The law did not declare Judaism as the State of Israel’s official religion, nor did it declare that there was an official “church” or head rabbi in the country. Such laws are found in several democracies such as for Roman Catholicism in Costa Rica and for the Eastern Orthodox Church in Greece.

Israel’s Basic Law did not declare that the leader of the country needed to belong to the official government church. Such a law can be found in Denmark’s constitution regarding the Evangelical Lutheran Church.

The law did not mandate that Judaism must be taught in school, a law that is found about Catholicism in Malta.

The law did not even state that Israel’s laws are based on Jewish values and inspired by the Jewish prophets as was stated in the country’s Declaration of Independence. Such a statement about Christianity features prominently in the constitution of Norway. Panama’a constitution mentions “Christian morality,” while Peru’s constitution calls out the “Catholic Church as an important element in the historical, cultural, and moral formation” of the country.

As a matter of fact, the Basic Law seemed to go to pains to not even refer to religion.

The law refrained from using the words “God,” “Judaism,” “Holy Land,” “sacred,” or “religion” anywhere in the text. While the law declared the “Hatikvah” as the national anthem, that anthem similarly avoids using any religious language. That’s in sharp contrast to 34 democracies that use “God” or “Lord” in their anthems including Canada, Italy and Switzerland, and others that specifically refer to Christianity such as in the Netherlands and Romania .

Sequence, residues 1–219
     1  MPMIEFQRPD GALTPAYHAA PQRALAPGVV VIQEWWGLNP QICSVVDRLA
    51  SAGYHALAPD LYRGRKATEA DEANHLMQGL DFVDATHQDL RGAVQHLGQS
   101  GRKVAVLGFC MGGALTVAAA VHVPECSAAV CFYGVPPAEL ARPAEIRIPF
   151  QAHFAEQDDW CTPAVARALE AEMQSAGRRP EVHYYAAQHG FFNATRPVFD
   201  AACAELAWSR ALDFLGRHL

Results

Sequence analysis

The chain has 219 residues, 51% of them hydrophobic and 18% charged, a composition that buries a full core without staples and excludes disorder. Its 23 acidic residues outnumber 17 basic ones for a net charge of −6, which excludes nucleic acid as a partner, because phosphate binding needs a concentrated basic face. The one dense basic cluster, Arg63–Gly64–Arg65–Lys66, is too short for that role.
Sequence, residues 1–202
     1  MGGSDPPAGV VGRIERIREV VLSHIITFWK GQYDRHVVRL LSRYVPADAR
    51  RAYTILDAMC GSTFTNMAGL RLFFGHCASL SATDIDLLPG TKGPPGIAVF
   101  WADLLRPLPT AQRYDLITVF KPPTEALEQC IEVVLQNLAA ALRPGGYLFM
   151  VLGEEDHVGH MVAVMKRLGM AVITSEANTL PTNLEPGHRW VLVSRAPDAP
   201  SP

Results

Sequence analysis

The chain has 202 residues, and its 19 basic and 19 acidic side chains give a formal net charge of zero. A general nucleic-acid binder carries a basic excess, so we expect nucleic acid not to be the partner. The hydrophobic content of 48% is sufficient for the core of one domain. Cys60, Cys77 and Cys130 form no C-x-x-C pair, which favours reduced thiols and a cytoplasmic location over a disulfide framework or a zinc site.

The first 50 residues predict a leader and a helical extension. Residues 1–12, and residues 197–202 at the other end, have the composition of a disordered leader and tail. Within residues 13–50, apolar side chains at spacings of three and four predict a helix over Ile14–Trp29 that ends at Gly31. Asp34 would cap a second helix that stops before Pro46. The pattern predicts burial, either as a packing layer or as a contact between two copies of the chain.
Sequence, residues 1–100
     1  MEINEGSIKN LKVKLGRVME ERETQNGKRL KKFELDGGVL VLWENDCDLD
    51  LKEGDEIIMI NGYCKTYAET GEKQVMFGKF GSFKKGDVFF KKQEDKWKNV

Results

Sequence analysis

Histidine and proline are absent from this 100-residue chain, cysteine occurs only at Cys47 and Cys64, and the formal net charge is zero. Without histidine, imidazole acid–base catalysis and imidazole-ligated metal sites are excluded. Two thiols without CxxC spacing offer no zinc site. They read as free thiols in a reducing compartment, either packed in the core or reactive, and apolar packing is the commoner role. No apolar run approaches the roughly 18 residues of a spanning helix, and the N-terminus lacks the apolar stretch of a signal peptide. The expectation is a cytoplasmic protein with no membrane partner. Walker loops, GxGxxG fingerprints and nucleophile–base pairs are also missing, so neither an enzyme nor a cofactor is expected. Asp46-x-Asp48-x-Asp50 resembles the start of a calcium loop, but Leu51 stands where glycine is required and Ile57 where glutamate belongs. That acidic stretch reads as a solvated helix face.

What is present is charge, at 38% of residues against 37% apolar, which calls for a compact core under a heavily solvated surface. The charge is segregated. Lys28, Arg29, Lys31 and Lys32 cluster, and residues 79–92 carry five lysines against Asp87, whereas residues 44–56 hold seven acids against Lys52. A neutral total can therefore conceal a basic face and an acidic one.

The 2018 Basic Law simply detailed that the Jewish people were connected to the land of Israel because of history. Yet in doing so, the law opted to not also underscore the deep religious and unique connection that Jews have for all of the land of Israel, and particularly for Judaism’s holiest city of Jerusalem.


Seal of King Hezekiah found at the southern Temple Mount in Jerusalem
who reigned c.715 – 686 BCE

The emphasis of Israel’s 2018 Basic Law related to the essence of Jews are a people, not adherents to a religion. International law in 1920 recognized “the historical connexion of the Jewish people with Palestine and to the grounds for reconstituting their national home in that country.” In 2018, Israel took that same step of laying out the long and deep connection between the Jewish people to the land of Israel, realized in the modern state of Israel.